And then her prayers were answered.

  Mattie, nearing her time but as busy about her duties as ever, came hastening to Kate’s chamber one bright day in May; she had been at the market.

  “A letter’s come for you,” she announced. “He says you can have it.” She would never, if she could help it, refer to her master by his rightful title.

  It was from Kat. The King has passed this way on progress to the North, she wrote, and I heard mention that the Earl of Lincoln was of the company and much in favor.

  “Thanks be to God!” Kate breathed with heartfelt relief. At least John had managed to convince Henry Tudor of his innocence.

  “Wel
l, I’m sure you’re pleased to hear that, my lady!” Mattie smiled.

  She was, oh, she was!

  But after that, life went on as grimly as it had for months, and the only lightening of Kate’s existence came when Mattie gave birth to a daughter in the balmy days of early summer; yet even that was a bittersweet thing, for, seeing her maid with the child at her breast, Kate could not but be reminded of the infant she had lost, who would have been of a similar age had he lived.

  ——

  One night, William appeared in his nightgown at her chamber door, carrying a candle. His ferret face looked gaunt in its flickering light.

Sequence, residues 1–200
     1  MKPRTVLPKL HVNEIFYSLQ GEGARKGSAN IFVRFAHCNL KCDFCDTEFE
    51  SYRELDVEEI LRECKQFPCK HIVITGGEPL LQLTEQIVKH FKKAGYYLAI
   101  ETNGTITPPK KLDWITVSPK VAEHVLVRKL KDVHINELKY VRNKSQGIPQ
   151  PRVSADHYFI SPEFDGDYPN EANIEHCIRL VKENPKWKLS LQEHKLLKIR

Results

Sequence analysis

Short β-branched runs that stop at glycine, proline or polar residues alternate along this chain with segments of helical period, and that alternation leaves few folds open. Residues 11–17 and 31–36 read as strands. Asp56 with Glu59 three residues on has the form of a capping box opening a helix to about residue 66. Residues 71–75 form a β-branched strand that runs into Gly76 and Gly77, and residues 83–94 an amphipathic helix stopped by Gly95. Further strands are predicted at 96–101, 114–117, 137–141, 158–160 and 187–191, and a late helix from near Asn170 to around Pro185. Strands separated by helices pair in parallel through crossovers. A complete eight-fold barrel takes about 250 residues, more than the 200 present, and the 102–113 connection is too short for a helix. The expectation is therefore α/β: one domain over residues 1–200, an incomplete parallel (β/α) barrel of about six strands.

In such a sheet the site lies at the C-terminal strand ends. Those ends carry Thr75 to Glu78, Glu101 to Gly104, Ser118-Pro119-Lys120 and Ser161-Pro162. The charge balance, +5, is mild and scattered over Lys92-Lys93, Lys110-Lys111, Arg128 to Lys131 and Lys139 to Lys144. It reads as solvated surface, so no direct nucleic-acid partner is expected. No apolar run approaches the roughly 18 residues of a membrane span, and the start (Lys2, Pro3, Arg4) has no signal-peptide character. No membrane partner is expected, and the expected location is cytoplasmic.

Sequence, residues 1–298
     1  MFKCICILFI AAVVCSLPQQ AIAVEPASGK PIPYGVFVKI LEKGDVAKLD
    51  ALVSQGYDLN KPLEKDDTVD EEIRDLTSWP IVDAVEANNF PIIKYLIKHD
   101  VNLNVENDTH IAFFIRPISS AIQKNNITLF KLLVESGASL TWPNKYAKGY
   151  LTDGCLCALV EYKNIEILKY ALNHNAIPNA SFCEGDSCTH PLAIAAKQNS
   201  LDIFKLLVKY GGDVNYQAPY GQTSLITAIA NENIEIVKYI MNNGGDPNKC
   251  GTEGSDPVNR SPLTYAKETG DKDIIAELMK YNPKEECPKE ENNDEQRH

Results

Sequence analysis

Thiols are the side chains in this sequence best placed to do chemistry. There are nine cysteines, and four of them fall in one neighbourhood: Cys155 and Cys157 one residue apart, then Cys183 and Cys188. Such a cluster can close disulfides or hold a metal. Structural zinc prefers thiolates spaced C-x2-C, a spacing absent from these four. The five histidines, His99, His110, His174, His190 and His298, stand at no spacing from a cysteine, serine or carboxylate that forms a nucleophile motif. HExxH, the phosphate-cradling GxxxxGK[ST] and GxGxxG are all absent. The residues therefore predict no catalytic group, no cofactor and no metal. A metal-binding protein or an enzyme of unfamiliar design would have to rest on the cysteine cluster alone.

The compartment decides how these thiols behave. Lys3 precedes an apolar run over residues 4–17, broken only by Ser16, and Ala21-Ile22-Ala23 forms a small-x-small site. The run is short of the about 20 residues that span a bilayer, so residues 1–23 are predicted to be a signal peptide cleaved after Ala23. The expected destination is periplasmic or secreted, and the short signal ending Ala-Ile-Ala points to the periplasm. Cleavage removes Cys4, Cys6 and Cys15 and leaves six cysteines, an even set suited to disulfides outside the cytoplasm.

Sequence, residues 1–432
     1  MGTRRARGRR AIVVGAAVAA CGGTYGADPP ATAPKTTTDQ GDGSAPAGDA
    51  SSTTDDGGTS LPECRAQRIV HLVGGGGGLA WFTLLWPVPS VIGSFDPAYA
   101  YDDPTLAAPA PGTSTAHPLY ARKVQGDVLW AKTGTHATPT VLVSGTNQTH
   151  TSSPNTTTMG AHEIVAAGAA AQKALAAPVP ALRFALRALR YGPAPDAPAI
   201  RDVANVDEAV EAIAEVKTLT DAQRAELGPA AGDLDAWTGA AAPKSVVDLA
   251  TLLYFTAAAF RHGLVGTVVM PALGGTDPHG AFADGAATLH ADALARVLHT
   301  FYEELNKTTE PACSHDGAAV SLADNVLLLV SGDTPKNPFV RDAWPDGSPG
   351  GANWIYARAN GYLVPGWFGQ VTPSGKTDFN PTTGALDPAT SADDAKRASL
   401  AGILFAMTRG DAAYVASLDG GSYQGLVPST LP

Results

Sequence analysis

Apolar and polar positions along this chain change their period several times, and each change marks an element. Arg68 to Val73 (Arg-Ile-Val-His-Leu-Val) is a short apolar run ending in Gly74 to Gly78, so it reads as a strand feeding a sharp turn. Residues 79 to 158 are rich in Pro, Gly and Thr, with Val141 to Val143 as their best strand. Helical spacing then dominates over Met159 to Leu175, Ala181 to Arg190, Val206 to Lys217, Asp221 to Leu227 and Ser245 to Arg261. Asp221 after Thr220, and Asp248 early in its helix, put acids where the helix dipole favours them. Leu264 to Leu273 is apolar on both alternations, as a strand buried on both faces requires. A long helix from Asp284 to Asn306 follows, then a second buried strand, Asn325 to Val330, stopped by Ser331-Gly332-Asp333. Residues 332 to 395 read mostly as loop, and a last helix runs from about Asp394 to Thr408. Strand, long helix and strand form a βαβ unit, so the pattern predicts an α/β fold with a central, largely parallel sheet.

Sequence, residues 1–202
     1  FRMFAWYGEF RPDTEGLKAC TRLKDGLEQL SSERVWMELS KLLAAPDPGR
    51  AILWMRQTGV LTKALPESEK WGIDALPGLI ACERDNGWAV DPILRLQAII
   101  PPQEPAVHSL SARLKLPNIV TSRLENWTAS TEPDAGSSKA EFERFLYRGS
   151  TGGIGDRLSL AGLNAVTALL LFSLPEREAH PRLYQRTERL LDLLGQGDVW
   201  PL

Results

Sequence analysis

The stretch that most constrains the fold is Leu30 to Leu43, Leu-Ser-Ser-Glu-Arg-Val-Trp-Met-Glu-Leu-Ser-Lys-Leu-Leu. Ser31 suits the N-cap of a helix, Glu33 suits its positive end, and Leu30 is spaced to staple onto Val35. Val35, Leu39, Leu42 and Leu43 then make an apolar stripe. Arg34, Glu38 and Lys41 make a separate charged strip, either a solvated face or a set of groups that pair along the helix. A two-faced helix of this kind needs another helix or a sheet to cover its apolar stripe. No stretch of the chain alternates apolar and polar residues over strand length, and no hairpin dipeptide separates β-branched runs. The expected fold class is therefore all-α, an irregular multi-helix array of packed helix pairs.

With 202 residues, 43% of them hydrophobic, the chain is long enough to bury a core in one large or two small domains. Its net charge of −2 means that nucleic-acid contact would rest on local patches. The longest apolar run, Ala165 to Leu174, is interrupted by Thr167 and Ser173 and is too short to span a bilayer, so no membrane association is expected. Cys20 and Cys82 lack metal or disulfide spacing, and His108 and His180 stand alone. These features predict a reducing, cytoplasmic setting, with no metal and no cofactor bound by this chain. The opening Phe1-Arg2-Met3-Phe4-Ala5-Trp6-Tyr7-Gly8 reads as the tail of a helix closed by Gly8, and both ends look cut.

“My lord?” Kate rose up in the bed, alarmed.

  “I would speak with you,” he said coldly, looming over her. “I have received some news that will interest you. Your lover, the Earl of Lincoln, has married my niece, Margaret FitzAlan, Arundel’s daughter. You had best forget him now, for he is lost to you for good.”

  He will never be lost to me, she thought fiercely, trying not to betray the engulfing emotion she felt. Our hearts are one for always: we vowed it.

  “It is of no moment to me, this news,” she said, and meant it, knowing this marriage could mean nothing to John.

  “Then, since we are constrained to live together, you will not shrink from doing your duty, as my wife,” William said, abruptly dousing the candle, stripping off his nightgown, and climbing into bed beside her, much to her dismay. “I am prepared to accept that you did not betray your marriage vows,” he continued, “and for that reason I am willing to take you back and use you as my wife. I need an heir—and a man must live!”

  He mounted her then, without further preamble, driving into her as if he meant to punish her for all the hurts she had done him. She bore it in silence, as best she could, not daring to betray by any slight gesture how unwelcome it was to her. She had long ago learned to detach herself from what he did to her in bed; after all, it was not as if this was a new thing. She had to force herself not to think of how joyous it had been with John. That way lay insanity.

  When he had finished, William got up without a word, put on his robe, and went back to his own chamber. In the morning, if she had expected some improvement in his attitude toward her, she would have been disappointed, for he ignored her as before, and continued to do so. The only difference now was that he kept coming to her at night, demanding sex in his laconic, boorish way, and riding her as if he hated her.

  Early in October, as the leaves were turning wondrous shades of red and gold, and autumn returned to the land, Mattie, her apple-cheeked babe on her hip, brought another letter from Kat with news of the birth of a prince to the Queen.

  “He’s to be called after King Arthur,” Kate said. “An auspicious name. No doubt the Tudor wishes to invest his dynasty with some semblance of Arthur’s greatness.” Her tone was sarcastic.